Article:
Diary of a Headteacher: Thanks for not a lot, Phil...

Written by: Diary of a Headteacher | Published:
Image: Adobe Stock

It has saddened and infuriated many in school leadership to see the government – once again – ignore the funding crisis in education

I’m picturing the scenes in Westminster last week. Philip Hammond is putting the finishing touches to the Autumn Budget – his masterpiece that “finally brings austerity to an end”.

“Hey Damian, I’ve got a few quid flying around at the end here and I’m not sure what we should spend it on, any ideas?”

The Secretary of State for Education spits out his tea, exclaiming “blimey Phil, didn’t you see all those headteachers protesting so politely last month, let’s give it to them so they can buy all those ‘little extras’ they keep banging on about”.

As you can probably tell I’m still reeling from the announcement of a paltry additional £400 million allocated for schools in the Autumn Budget.

Yet again it feels like education is an after-thought for this government and this saddens and infuriates me greatly. Equating to around £10,000 for primary schools and £50,000 for secondary schools, I can finally reassure my staff that we can now, after all this time, upgrade to the holy grail of premium brand bullet tip whiteboard pens. No more slumming it for us with visits to the pound shop for our markers!

In fact, why stop there? We could start splashing out on premium brand biscuits for the staffroom – goodbye to chocolate-flavoured, hello genuine chocolate! I might also start letting staff print again. If I’m feeling really generous they could print in colour.

This is one of those moments where, unless you laugh about it, you’d cry. Because there is no doubt there have been many tears shed in the past decade due to the crippling cuts schools have been faced with. Despite all the rhetoric proclaiming that record amounts of money is being invested in education, we know from the Institute for Fiscal Studies that since 2010 we have faced real-terms cuts of eight per cent.

Careers have ended prematurely, resources been stripped away from young people’s education and the teaching profession has been consistently asked to do more with less. No wonder we have a recruitment and retention crisis.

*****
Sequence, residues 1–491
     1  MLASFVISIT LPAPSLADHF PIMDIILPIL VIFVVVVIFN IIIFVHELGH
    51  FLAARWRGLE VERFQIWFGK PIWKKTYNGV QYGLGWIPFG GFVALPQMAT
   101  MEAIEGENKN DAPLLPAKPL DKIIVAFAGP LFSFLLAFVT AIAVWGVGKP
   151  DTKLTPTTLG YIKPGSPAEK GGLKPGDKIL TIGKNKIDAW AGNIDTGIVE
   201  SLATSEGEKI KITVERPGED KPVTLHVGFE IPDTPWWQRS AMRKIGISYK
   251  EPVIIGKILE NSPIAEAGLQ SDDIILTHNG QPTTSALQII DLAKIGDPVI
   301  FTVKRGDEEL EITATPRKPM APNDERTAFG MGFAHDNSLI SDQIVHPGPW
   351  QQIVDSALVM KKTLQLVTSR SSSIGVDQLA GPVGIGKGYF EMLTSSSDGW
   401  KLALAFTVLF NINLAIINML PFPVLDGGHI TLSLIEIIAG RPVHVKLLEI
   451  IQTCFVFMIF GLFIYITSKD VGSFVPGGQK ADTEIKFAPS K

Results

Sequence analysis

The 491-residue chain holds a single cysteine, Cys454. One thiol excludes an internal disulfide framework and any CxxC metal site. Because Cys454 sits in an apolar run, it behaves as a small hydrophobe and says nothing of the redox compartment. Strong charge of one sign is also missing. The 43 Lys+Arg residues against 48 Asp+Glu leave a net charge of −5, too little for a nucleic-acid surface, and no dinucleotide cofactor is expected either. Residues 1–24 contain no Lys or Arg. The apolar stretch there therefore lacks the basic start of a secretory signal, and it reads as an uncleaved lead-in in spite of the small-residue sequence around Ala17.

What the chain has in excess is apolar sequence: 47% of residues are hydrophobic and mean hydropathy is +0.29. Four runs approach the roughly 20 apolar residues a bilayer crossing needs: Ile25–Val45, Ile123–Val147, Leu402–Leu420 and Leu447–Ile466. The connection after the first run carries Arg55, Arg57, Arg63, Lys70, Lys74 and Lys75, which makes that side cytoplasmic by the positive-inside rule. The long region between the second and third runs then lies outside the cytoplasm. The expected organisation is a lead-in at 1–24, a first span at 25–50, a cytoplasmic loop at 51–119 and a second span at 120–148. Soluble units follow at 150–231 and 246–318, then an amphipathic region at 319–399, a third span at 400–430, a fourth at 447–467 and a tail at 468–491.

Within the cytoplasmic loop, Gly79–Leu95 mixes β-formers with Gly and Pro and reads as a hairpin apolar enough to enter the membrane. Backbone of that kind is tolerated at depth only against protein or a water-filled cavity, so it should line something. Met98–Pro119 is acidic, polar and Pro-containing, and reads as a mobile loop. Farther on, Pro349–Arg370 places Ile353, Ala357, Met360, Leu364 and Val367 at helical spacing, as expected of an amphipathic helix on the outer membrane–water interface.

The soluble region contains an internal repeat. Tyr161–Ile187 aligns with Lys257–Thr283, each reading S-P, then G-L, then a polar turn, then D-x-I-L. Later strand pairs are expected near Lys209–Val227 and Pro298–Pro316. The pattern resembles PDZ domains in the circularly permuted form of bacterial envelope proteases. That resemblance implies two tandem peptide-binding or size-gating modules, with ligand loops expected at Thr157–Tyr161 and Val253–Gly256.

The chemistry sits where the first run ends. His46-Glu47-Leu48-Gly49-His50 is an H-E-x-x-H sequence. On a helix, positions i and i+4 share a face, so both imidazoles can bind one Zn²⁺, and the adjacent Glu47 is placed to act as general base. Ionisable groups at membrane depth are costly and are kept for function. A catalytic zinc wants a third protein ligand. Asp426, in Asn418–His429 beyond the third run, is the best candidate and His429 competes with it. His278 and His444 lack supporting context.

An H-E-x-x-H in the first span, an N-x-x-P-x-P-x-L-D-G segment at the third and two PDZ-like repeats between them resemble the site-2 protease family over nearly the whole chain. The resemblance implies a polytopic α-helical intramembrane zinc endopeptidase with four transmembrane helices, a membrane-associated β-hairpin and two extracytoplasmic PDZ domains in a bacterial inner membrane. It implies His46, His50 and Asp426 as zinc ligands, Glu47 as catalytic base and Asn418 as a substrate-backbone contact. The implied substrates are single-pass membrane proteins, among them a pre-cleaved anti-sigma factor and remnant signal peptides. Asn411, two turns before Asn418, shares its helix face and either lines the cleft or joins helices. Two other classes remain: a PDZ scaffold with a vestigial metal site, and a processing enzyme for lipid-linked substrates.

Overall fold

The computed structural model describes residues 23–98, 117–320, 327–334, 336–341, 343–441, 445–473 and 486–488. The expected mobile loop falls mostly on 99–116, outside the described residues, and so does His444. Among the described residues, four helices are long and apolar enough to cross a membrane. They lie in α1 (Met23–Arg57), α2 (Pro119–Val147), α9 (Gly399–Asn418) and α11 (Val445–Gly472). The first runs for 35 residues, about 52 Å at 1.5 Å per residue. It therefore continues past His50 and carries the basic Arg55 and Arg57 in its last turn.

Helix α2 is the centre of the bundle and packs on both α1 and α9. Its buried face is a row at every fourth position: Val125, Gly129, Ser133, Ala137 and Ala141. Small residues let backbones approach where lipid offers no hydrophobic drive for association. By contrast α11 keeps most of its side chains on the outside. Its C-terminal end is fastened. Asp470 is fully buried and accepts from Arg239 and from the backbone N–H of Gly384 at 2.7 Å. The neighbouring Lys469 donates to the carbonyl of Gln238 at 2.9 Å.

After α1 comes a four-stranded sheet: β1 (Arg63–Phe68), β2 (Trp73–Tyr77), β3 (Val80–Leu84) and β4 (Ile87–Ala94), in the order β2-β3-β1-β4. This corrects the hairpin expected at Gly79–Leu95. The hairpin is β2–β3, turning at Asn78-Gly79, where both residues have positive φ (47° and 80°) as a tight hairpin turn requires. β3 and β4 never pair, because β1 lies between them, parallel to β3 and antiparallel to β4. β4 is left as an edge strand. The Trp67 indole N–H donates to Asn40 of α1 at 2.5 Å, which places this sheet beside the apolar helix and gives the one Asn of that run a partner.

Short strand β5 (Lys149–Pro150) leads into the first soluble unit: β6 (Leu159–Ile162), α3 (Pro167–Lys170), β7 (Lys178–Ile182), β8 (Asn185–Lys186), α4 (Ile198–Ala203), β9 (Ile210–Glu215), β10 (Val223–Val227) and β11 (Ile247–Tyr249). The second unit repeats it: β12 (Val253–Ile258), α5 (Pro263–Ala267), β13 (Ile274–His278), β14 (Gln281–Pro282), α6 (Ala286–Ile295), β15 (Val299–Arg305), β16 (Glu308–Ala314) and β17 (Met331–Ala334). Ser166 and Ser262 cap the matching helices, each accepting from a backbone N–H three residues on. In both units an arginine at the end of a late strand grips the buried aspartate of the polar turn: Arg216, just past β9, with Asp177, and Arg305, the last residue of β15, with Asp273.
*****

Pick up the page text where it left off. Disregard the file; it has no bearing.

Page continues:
The recent announcement is nothing short of an insult and while we always welcome additional funds when they come our way, we only do this through desperation. We have been starved of adequate resources for far too long and this additional cash, while better than nothing, can only ever paper over the cracks, temporarily stop the bleeding or keep the wolves from our door for a short time.

It was interesting to hear ASCL general secretary Geoff Barton’s statement regarding the budget: “Many schools don’t have enough money to provide a full curriculum or individual support to pupils, let alone provide ‘little extras’. What they desperately need is improved core funding. It is a sign of the government’s priorities that it is spending more on fixing potholes than on fixing the school funding crisis.”

He’s right of course, and the dire reality is that I cannot remember a time within my four years of headship where I have not had to make members of staff redundant, merge roles, delete roles and ask the people remaining in school to do the same jobs, or more, with fewer resources. I cannot guarantee that subjects such as music, drama, dance, design technology or art will be available each year for students as we can only run these qualifications if the class size is financially viable.

I have to be extremely creative with how our SEN staff are deployed and this significant decrease in provision puts more pressure onto teaching staff. I have had to strip back the support staff to the bare bones in two schools now in order to make the staffing model financially viable, and this constant cycle of reduction in capacity ultimately results in students receiving an educational experience that is compromised.

So Phil, thanks very much for the spare cash you found down the back of the sofa. Like all heads across the country I will try my very best to put it to good use so that the students and staff in my school benefit from it. But it simply isn’t enough. We are not happy and our profession will continue to shout very loudly and fight hard for a better deal for the young people we serve.

  • SecEd’s Diary of a Headteacher is written by two different headteachers. The author of this entry is a headteacher, in his fifth year of headship, at a secondary school in the Midlands.


Comments
Name
 
Email
 
Comments
 

Please view our Terms and Conditions before leaving a comment.

Change the CAPTCHA codeSpeak the CAPTCHA code
 
Claim Free Subscription